Predicate transformer semantics is a way to use verification technology to define programming languages. Each statement in a language is characterized by the way it transforms preconditions to postconditions. Dijkstra and his followers have even advocated the direct use of predicate transformers, such as the weakest precondition transformer (wp), in program development; the argument is that such predicate transformers aid calculational proofs.
The application of predicate transformer semantics to real programming languages will help you see what the capabilities and limitations of the techniques are, as well as making sure they are well understood. Limitations of current techniques point out both places to be careful in language design, and also areas where more research would be fruitful. Turning this idea on its head, one can design programming languages that are well adapted to current verification methods. (Such considerations have motivated the languages Alphard and Euclid.)
Making connections with other kinds of semantics is necessary both for a thorough evaluation of the utility of predicate transformer techniques and to appraise which semantic techniques are best for which tasks. One often needs complimentary descriptions of a programming language or specification language, both to increase confidence in the correctness of the semantics and because different kinds of techniques aid different studies. For example, operational semantics seem well-suited for studying properties of implementations; denotational semantics seem to match the way language designers think about and describe programming languages. Because denotational semantics is a good intermediate abstraction between predicate transformer semantics and operational semantics, it is important to see how to prove a predicate transformer semantics correct with respect to a denotational semantics.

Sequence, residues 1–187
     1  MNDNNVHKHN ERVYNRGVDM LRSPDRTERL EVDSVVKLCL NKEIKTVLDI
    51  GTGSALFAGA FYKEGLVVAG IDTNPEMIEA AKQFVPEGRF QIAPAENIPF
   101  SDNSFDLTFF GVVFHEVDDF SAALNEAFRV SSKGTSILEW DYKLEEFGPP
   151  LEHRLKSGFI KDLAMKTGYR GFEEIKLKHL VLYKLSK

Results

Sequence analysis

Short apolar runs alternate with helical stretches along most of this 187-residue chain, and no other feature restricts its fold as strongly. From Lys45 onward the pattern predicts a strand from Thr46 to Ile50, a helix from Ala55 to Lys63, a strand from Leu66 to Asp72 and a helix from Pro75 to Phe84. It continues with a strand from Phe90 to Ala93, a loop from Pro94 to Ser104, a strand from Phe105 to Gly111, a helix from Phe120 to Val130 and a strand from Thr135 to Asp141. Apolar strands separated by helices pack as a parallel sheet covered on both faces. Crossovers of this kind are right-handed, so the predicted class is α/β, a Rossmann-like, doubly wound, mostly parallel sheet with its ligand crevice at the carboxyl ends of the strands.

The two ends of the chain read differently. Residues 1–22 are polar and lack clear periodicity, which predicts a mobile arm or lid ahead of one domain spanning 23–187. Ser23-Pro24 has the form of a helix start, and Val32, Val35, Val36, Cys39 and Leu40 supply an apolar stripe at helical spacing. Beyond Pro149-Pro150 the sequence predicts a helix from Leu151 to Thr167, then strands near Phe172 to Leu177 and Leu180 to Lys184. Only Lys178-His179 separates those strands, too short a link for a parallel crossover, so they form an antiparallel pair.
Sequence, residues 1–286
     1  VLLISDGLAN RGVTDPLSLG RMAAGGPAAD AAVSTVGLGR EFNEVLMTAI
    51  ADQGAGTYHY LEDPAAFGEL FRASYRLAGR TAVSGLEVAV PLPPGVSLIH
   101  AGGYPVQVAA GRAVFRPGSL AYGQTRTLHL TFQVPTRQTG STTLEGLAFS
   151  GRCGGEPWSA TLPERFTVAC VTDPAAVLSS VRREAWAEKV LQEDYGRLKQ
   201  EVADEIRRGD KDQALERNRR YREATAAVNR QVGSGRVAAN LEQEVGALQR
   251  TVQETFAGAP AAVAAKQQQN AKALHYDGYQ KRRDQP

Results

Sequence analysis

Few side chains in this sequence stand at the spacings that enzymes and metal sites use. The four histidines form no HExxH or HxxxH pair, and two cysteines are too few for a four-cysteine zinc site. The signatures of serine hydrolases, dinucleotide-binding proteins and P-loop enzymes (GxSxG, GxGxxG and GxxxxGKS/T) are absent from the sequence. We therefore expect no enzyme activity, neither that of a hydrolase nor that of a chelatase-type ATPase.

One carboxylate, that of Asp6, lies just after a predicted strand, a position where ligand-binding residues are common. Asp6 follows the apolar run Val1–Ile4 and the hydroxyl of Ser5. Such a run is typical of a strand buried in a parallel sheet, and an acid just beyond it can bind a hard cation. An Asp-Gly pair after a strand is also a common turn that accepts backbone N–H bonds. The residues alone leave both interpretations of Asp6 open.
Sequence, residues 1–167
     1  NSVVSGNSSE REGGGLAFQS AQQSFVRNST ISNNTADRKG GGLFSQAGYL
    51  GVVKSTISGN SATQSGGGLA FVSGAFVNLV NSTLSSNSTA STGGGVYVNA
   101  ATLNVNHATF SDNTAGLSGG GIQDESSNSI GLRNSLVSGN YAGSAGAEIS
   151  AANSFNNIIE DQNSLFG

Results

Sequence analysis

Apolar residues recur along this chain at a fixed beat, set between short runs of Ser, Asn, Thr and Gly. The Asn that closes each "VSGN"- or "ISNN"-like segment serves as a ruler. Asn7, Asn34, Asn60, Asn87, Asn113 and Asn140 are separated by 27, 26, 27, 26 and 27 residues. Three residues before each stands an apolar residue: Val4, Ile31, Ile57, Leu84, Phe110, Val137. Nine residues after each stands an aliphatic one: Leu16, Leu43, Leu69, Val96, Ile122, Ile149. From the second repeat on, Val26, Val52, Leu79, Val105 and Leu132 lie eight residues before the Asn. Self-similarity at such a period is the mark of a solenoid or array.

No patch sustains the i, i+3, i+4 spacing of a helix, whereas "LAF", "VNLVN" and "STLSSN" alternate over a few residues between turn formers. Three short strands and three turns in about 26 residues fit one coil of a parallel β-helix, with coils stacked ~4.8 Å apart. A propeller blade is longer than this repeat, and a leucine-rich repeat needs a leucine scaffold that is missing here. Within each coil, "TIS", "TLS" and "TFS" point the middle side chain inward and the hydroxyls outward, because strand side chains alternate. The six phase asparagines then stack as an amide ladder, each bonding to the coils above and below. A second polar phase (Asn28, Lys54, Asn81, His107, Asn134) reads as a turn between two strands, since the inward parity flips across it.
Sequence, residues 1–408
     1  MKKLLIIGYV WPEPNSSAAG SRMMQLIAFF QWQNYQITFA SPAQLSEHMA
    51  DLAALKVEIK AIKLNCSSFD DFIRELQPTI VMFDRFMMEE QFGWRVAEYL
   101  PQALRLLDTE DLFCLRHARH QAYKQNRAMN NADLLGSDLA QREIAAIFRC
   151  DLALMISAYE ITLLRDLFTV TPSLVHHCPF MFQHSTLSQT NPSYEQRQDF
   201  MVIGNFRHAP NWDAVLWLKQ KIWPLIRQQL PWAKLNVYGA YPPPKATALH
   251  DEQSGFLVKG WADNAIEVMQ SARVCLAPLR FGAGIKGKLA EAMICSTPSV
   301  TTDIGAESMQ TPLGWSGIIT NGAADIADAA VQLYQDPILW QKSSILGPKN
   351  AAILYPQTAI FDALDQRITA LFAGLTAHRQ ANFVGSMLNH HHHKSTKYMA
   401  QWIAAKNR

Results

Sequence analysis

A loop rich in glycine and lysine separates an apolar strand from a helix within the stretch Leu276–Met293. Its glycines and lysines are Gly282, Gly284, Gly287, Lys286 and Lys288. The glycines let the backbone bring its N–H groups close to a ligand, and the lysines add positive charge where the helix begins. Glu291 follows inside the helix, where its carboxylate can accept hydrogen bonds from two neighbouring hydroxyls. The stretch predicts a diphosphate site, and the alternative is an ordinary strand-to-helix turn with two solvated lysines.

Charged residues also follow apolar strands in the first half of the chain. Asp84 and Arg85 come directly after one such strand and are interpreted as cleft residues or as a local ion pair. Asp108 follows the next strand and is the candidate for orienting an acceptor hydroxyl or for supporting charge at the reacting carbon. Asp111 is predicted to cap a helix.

The style of calculational proofs of program correctness has been advocated by Dijkstra and his followers as a way to help ensure that no mistakes are made in program proofs. I also find the discipline of developing proofs without ``pulling any rabbits out of the hat'' admirable as a way of teaching, learning, and seeking precision.
Knowing the goals and problems of programming language semantics gives you perspective on the rest of the work. It also shows possibilities for your own research and what kinds of ways that programming may be changing in the future.
The required text is Wim H. Hesselink's Programs, Recursion, and Unbounded Choice (Cambridge, 1992, ISBN 0-521-40436-3).
The recommended text is Edward Cohen's Programming in the 1990s: An Introduction to the Calculation of Programs (Springer-Verlag, 1990, ISBN 0-387-97382-6).
I also had students read articles from the literature and report on them.
The syllabus for Fall 1994 is as follows. The syllabus tells when we discussed various topics. The ``when'' is specified below by class meeting numbers (a count of the ``lectures''). Readings from Cohen's and Hesslink's books are marked with their names. We went a bit more slowly over Hesselink's book than originally planned, as we tried to ``uncover'', rather than ``cover'' it.
Meeting Readings Numbers Topic Essential Enrichment --------------------------------------------------------------------------- 1-5 Overview/motivation [Hoare 69], [Dijkstra 75] handouts 6 Calculation & precision Cohen 0, 1 refs. on calculation 7-10 Predicates Cohen 2, 3 [Dijkstra Scholten 90] 11-15 Development of programs Cohen 4-7 Cohen 8-13 16-24 Predicate Transformer Sem. Hesselink 0, 1 24-32 Annotation, recursion Hesselink 2 33-36 Healthiness laws Hesselink 3 [Dijkstra Scholten 90] 37-42 Semantics of recursion Hesselink 4 43-44 Summary and course eval ----------------------------------------------------------------------------
If I were to use these texts again, I'd probably go much faster over Cohen's chapters 4-7 as some of that material is also found in Hesselink, and isn't so important for a semantics course.